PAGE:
The next global outbreak has arrived. Plague is spreading across Africa and is one flight away from going global as experts warn 'something is different'
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Millions of people around the world, including you, are in danger, but few people know it. However, experts from the World Health Organization and other international health agencies are on full alert. The Black Death has reemerged and is now spreading across Africa, and doctors say there's something different about this outbreak.
Health officials have blamed ceremonies that involve digging up the dead and reburying them for the current outbreak, but this has not been confirmed. Still, they have asked people to halt the practice.
LOS ANGELES, CA (California Network) -- The Black Death has reemerged and is rolling across East Africa, infecting thousands. Over a hundred people are thought to be dead at this time. Accurate statistics are difficult to obtain because the disease has spread to nine countries and people in many areas are not reporting it.
The Black Death, also known as the Plague, is a disease caused by the bacteria Yersinia Pestis. The bacteria is highly contagious and is spread mostly by fleas. Those fleas hitch rides on rodents which can spread over a wide range. People can also carry the disease for up to three days before they show symptoms, although most victims feel sick within 24 hours.
The disease causes the victim to experience flu-like symptoms at first, when their lymph nodes swell, causing buboes, or swollen pockets of pus to form on their necks, armpits and groin. As capillaries burst under the skin, flesh turns black, hence the name "Black Death." In the final stage, the lungs fill with fluid and the patient suffocates and dies.
Should an infected person cough on a caregiver, the bacteria can go straight to the healthy person's lungs, causing their lungs to fill with fluid. Known as the pneumonic plague, the victim dies within 24 hours.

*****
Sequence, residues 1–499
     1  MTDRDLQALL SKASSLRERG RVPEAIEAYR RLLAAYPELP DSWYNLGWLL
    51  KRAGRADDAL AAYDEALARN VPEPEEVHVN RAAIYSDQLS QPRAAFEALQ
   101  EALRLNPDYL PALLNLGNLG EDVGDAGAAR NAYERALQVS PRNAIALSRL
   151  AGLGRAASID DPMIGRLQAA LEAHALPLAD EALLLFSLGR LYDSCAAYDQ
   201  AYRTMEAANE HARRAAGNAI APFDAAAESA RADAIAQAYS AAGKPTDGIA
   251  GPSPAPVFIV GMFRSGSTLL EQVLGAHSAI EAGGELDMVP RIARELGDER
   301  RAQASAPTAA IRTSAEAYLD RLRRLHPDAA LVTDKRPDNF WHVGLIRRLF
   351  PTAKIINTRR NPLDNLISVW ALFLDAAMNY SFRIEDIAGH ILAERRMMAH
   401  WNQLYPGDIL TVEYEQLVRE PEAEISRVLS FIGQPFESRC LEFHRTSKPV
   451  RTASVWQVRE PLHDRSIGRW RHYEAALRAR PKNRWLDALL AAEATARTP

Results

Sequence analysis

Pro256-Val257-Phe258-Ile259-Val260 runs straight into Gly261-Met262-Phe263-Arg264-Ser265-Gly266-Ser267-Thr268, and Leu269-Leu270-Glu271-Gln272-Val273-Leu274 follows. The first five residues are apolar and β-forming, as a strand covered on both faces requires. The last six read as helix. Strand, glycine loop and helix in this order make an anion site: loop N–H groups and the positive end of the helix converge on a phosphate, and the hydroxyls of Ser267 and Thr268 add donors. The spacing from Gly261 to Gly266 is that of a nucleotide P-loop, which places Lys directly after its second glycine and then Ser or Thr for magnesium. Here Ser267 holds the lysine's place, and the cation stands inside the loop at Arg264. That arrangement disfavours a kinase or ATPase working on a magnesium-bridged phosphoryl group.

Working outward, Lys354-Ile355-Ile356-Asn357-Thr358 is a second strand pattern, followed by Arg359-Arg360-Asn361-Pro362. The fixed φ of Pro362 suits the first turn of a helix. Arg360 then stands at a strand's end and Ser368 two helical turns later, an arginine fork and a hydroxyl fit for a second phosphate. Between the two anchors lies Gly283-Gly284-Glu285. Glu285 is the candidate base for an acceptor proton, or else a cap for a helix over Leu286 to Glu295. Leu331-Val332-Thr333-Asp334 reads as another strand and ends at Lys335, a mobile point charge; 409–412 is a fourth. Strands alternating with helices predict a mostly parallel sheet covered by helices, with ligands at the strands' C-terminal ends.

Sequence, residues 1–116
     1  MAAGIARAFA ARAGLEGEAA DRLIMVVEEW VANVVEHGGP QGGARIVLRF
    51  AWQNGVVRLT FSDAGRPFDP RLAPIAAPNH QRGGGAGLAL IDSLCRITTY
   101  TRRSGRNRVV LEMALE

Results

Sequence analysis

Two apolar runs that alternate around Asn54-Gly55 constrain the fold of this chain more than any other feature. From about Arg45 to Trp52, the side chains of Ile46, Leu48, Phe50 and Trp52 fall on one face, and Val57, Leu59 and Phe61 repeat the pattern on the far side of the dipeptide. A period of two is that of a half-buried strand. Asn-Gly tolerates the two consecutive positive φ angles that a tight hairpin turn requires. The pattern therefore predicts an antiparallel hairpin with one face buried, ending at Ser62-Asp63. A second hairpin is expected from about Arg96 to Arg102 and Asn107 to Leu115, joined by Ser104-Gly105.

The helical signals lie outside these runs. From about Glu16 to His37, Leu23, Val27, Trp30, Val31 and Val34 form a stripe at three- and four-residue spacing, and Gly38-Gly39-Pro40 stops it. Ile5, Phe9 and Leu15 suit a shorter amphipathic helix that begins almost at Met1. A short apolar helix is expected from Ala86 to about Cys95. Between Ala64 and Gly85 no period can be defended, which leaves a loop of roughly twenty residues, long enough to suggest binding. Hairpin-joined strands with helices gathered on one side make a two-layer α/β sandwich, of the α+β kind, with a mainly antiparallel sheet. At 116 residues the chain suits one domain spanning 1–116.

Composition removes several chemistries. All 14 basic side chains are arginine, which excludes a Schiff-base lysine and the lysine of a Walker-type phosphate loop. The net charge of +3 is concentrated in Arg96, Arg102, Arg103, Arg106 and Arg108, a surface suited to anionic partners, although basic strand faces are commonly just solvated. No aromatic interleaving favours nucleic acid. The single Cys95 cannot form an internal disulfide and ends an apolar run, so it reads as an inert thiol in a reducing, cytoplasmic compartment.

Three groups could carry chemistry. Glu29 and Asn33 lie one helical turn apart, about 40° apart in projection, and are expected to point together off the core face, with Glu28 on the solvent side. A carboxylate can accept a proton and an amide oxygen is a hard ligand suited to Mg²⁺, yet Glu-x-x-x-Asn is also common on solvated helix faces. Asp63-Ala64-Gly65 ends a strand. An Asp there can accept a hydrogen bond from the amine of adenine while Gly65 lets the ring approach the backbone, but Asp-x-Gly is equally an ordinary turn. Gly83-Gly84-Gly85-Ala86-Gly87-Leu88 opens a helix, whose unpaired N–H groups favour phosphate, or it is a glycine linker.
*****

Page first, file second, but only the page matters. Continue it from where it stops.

The Plague can be treated with antibiotics, but it requires rapid intervention. Without treatment, it is almost always fatal. Even with treatment, the plague still kills many people. Presently, it seems to be killing about ten percent of its victims.
The disease emerged in Madagascar, where it is constantly circulating in nature. Officials suspect an ancient practice known as Famadihana, or the "Turning of the Bones" is responsible for the current outbreak. In that practice, families gather to exhume the bodies of their deceased relatives and dance with the decaying corpses. Afterwards, the remains are re-wrapped in new burial shrouds and reburied. According to local belief, the dead cannot join their ancestors unless this is done and the body has completely decayed.
Experts say the practice can cause healthy people to be infected with lingering bacteria and viruses which can stay dormant in the rotting corpses.
The current outbreak has spread from Madagascar to nine countries: Ethiopia, Kenya, Tanzania, Mozambique, South Africa, Comoros, Seychelles, Mauritius, and Reunion island.
Perhaps the most terrifying report is that doctors say there is something different about this outbreak, but they cannot identify what. It is spreading faster than it should be to places that have not seen the plague since the 1950s. It is possible the disease has undergone a genetic change that makes it more likely to spread.
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At this time, officials warn the disease is only a flight away from going global. If the disease reaches a heavily populated area, it will spread with terrifying speed, especially in places where rodents and fleas thrive alongside people. Even people in the western world who enjoy a high standard of sanitation and healthcare should not be complacent. The disease can spread and kill even in places like Europe and the United States.
Experts have warned the world is overdue for another pandemic outbreak of disease. They continue to monitor strains of the flu, as well as other diseases such as Plague, Ebola, SARS and more to rapidly respond to threats. However, the public does not always cooperate with best practices, eschewing vaccinations and traveling while sick. These behaviors make it more likely a disease will spread.
Officials predict the present outbreak will worsen before they can bring it under control -- if they can bring it under control.
Copyright 2019 - Distributed by THE CALIFORNIA NETWORK
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